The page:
Asia / 2011

CPJ Blog

In Ai Weiwei coverage, a couple of unexpected notes

April 8, 2011 11:15 AM ET

We reported Thursday that Chinese media reports on Ai Weiwei have reflected his ambiguous status in Chinese law. After several days in which Ai was considered missing, the Foreign Ministry acknowledged police were investigating him for "economic crimes" although it stopped short of saying he was detained. Coverage within China...

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Agreed: Pakistan is deadliest country for journalists

April 5, 2011 12:14 PM ET

Just a quick pointer. Zohra Yusuf's column in The Express Tribune, "A dangerous country for journalists," deserves a link from CPJ. Yusuf is a former vice chair of the Human Rights Commission of Pakistan. From the piece: ...

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In China, a state of denial on detentions, abuse

March 29, 2011 3:44 PM ET

China's Foreign Ministry spokesperson, Jiang Yu, today denied having heard of Sydney-based Chinese author and blogger Yang Hengjun, according to The Associated Press. We reported yesterday that Yang was missing, presumed to be the latest high-profile writer to fall victim to the government's aggressive roundup of critics who might respond...

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In well-wired South Korea, all is not well for press freedom

March 25, 2011 4:03 PM ET

CPJ ranks North Korea, with no independent media, as the world's most censored state. South Korea, with a wide-open press, seldom comes in for criticism. The high-tech, economic powerhouse is ranked as one of the most intensely wired nations in the world, and South Koreans enjoy near universal Internet...

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Is China censoring phone conversations?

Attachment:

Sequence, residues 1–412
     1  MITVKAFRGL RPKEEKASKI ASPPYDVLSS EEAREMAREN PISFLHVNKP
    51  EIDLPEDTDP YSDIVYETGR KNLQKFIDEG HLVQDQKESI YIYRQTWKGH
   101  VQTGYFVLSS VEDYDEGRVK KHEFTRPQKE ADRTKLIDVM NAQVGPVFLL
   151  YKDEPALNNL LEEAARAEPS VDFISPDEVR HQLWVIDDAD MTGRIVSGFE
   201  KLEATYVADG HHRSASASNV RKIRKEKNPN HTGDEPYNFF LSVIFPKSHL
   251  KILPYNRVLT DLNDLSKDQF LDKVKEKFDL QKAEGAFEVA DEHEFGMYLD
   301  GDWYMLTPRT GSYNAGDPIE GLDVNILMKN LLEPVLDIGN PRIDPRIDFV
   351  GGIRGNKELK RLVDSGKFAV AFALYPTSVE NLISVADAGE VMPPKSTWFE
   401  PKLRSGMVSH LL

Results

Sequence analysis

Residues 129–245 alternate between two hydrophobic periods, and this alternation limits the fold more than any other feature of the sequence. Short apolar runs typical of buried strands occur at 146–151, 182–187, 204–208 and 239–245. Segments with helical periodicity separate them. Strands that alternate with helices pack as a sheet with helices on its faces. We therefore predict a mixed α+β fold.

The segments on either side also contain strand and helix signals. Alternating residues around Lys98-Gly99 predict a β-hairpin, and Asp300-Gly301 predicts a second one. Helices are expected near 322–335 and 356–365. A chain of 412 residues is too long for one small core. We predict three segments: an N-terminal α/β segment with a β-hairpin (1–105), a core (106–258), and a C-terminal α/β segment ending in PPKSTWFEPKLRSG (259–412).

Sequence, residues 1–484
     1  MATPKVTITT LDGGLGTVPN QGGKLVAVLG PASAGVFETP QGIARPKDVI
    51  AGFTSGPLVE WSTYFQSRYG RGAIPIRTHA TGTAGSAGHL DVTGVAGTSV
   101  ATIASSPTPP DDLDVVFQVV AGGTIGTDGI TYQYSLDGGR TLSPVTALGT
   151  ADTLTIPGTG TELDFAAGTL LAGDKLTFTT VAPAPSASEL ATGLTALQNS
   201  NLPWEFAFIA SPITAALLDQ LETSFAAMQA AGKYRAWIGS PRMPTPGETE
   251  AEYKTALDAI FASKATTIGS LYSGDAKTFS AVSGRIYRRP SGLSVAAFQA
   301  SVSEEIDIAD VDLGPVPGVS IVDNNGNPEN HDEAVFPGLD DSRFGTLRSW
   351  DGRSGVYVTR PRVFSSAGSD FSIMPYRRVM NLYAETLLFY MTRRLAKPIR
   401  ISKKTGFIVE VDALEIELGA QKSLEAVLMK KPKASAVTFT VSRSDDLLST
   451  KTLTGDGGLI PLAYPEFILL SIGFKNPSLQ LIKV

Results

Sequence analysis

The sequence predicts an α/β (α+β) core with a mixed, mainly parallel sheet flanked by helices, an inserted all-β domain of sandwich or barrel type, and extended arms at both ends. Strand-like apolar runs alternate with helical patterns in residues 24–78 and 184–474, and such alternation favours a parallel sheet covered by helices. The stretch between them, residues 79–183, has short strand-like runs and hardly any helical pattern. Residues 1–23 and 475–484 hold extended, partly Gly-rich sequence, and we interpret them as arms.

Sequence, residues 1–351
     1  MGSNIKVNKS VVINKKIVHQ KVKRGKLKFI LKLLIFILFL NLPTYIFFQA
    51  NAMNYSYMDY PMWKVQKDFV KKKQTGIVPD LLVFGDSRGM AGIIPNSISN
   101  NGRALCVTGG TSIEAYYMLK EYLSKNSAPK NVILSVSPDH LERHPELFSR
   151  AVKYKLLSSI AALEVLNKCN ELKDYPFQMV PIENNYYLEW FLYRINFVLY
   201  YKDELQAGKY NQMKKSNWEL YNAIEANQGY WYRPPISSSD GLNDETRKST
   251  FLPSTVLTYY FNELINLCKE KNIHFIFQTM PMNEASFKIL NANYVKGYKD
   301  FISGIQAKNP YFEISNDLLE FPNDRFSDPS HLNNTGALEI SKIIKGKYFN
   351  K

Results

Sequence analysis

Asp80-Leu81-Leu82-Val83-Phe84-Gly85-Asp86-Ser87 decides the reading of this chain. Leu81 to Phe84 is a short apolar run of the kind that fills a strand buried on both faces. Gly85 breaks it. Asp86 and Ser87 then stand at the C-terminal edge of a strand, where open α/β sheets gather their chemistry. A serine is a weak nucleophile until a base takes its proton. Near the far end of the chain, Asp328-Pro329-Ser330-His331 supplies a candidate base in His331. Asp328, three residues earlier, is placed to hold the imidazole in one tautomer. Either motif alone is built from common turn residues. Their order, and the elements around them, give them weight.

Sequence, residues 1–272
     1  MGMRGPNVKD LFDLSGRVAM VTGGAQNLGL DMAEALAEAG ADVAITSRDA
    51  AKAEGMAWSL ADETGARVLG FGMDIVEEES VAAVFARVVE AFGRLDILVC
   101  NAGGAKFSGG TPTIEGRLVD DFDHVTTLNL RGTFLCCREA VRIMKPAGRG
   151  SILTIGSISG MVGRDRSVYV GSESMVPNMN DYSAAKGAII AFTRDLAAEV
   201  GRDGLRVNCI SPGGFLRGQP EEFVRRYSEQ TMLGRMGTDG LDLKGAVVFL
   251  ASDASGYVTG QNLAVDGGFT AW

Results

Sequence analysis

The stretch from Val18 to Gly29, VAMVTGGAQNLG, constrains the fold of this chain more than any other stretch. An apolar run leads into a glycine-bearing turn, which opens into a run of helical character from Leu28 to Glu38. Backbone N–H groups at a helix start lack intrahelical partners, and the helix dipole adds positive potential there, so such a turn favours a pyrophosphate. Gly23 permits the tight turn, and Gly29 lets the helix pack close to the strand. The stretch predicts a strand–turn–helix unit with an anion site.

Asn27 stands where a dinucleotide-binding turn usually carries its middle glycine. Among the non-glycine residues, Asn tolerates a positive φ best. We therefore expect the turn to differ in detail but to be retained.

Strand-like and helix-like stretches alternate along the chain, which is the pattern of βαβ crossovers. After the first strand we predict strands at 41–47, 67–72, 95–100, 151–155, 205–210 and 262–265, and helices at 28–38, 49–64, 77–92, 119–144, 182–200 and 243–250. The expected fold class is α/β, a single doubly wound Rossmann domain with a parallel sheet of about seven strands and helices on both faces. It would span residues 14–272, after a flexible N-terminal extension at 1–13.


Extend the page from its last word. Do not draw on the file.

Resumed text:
March 24, 2011 11:02 AM ET

Are Chinese mainland citizens, as has been reported, finding their telephone conversations cut off whenever they mention the word "protest?" While large-scale, real-time voice recognition is a technological possibility, it is at the edge of what is believed likely. It would certainly be revealing about the capabilities of the Chinese...

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UN heard Eknelygoda's cry for help; husband still missing

March 21, 2011 4:24 PM ET

Sandhya Eknelygoda has recently managed to get the attention of the United Nations about the case of the disappearance of her husband, Prageeth, on January 24, 2010. Still, there has been no progress made in learning of his whereabouts. ...

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U.N. to investigate Prageeth Eknelygoda's disappearance

March 9, 2011 5:30 PM ET

Tuesday's letter from CPJ and four other groups to U.N. Secretary-General Ban Ki-moon apparently had some impact. The Canadian Press reported today that Ban has asked the U.N. High Commissioner for Human Rights and UNESCO, which oversees press freedom, to look into the case of Prageeth Eknelygoda, a Sri...

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Michael Anti's exile from Facebook over 'real-name policy'

March 9, 2011 5:12 PM ET

The Chinese journalist Michael Anti had his Facebook account deleted in January. The reason Facebook gave was that Michael Anti isn't his real, government-recorded, name--which is true. Instead, Anti is the name that he has written under for almost a decade, on his own personal blogs, and in his...

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Mideast protests a red flag to Chinese censors

March 8, 2011 3:39 PM ET

Working to defend press freedom, I take it that I've hit the mark when I get censored. So I smiled today when I got an e-mail from a friend in China who said he was in the gym watching breakfast television when my face came up on CNN. I...

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Abusive Twitter messages target foreign media in China

March 2, 2011 2:22 PM ET

California-based China Digital Times (CDT) reports new Chinese-language Twitter commentators have appeared in the last week. Twitter is generally blocked in China, but heavily used by activists who access it by means of proxy networks overseas. The recent arrivals are vocal supporters of the government's efforts to tamp down...

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